Ladies & Gents:
I am pleased to introduce to you the incredibly interesting, devastatingly talented, wholly terrific author of my favorite read of 2011, Kathe Koja!
Kathe is here today to celebrate The Literary Others and to talk a bit about her book, Under the Poppy; more specifically, she’s here to talk about love, both in the story and in the world. Please give her a warm welcome!
A REAL LOVE STORY
Only Rupert is real, has ever been, through all the cold boyhood nights, the young men’s journeys, the play upon play upon play; and Rupert is gone.
This is the heart of my novel UNDER THE POPPY: the love story of Istvan and Rupert, the way love makes another person, once a stranger, so joyously, terribly real that to suffer that person’s loss is to suffer the end of the world. Loving so thoroughly makes the lover real in a new way, too, brings out tenderness or fury or some other qualities entirely; anyone who’s ever loved knows this is true.
Is UNDER THE POPPY a gay love story? Yes. And no. Yes, because the two true lovers are men; no, because any real love story is universal, the sweep of pleasure and loss is the same for us all. What can and does change is how that love will be experienced by that particular character in that setting in that writer’s hands: and that’s the business of fiction, of creating people who are people, whom we readers can feel for, root for, be exasperated by, yell at on the page. And if, in the story’s time and place, it’s difficult or forbidden for one man to love another openly, then that becomes part of the story, and of the love as well. But not because the men are gay: because the society insists on their separation. That same separation might affect two young people in warring Verona, a star-crossed pair, say … Does it change the story, if Romeo’s a boy and Juliet’s a girl? For sure. Does it change the love? Not at all. Because love in all its manifestations is universal at its heart.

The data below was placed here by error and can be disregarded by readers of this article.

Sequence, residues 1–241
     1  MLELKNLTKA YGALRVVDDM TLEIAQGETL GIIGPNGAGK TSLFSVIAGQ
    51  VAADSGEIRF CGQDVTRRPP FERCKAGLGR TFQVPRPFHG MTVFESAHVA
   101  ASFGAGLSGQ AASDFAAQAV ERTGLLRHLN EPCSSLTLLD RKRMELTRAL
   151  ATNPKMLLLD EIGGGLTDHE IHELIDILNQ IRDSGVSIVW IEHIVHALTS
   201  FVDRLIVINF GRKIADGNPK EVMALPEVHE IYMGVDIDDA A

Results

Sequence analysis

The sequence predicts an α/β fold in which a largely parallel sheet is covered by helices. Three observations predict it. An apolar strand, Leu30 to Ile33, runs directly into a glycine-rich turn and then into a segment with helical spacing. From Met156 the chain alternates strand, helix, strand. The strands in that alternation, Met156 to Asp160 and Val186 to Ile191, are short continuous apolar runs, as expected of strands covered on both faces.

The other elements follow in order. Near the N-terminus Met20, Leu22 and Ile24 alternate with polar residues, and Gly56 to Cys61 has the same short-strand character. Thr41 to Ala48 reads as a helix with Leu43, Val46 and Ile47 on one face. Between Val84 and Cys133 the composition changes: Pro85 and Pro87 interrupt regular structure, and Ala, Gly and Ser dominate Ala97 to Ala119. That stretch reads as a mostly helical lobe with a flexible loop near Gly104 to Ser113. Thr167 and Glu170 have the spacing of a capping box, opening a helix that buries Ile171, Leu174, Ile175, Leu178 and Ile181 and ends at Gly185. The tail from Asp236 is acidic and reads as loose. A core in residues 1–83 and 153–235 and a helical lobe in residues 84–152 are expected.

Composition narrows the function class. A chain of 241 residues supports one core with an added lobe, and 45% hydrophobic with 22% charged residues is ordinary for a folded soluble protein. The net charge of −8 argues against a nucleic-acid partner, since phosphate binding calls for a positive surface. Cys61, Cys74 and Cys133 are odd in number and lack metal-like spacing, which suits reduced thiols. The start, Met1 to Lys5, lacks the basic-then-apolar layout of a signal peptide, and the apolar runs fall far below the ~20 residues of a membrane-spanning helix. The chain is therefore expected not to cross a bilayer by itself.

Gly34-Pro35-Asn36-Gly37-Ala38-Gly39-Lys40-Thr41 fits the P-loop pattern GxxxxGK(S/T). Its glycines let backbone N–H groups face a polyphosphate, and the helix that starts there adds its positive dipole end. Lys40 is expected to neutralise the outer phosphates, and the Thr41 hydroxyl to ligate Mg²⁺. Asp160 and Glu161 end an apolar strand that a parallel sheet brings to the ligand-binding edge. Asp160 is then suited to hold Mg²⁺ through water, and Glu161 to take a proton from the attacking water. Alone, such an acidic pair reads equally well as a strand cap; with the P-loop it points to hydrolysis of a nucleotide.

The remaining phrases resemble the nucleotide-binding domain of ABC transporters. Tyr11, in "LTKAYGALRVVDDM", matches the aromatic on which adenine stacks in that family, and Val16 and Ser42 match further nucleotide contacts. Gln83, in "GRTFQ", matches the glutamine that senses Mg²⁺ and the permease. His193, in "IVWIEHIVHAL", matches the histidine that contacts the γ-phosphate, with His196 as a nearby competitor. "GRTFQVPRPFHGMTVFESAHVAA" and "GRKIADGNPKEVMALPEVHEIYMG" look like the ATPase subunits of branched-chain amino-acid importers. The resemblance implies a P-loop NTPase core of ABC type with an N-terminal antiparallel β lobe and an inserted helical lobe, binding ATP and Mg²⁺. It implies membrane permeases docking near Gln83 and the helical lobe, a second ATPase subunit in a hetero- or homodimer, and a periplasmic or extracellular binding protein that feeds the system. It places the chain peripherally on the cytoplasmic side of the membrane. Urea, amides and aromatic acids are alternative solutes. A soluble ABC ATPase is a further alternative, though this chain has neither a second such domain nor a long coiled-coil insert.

Rupert’s smile is slower, but sweet to Istvan when it comes, Istvan’s gaze a boy’s when he murmurs as sweetly, “Shall I come to you? Later on?” Rupert’s look in return is one of helpless heat, and cherishing, calamity and love …
That’s love. That’s human. That’s real.
Kathe Koja has another special gift for us! She is going to be giving away one SIGNED copy of her book, Under the Poppy, to a lucky participant of The Literary Others event. All you need to do is leave a comment on this post, saying you’d like to win. Please also leave your email, in this format: roofbeamreader(at)gmail(dot)com. The giveaway is open until Sunday and Kathe is willing to ship Internationally!
Book Reviews ∙ Bookish Tags ∙ Book Discussions
For the ink-hearted
an exposition of micro and punk poetry
Dedicated to Emerging Writers
quotes, excerpts and reviews
You don’t start out writing good stuff. You start out writing crap and thinking it’s good stuff, and then gradually you get better at it. That’s why I say one of the most valuable traits is persistence. Octavia E. Butler
My life as a black, disabled teenager
A bookish blog (mostly) about women writers of the nineteenth and twentieth centuries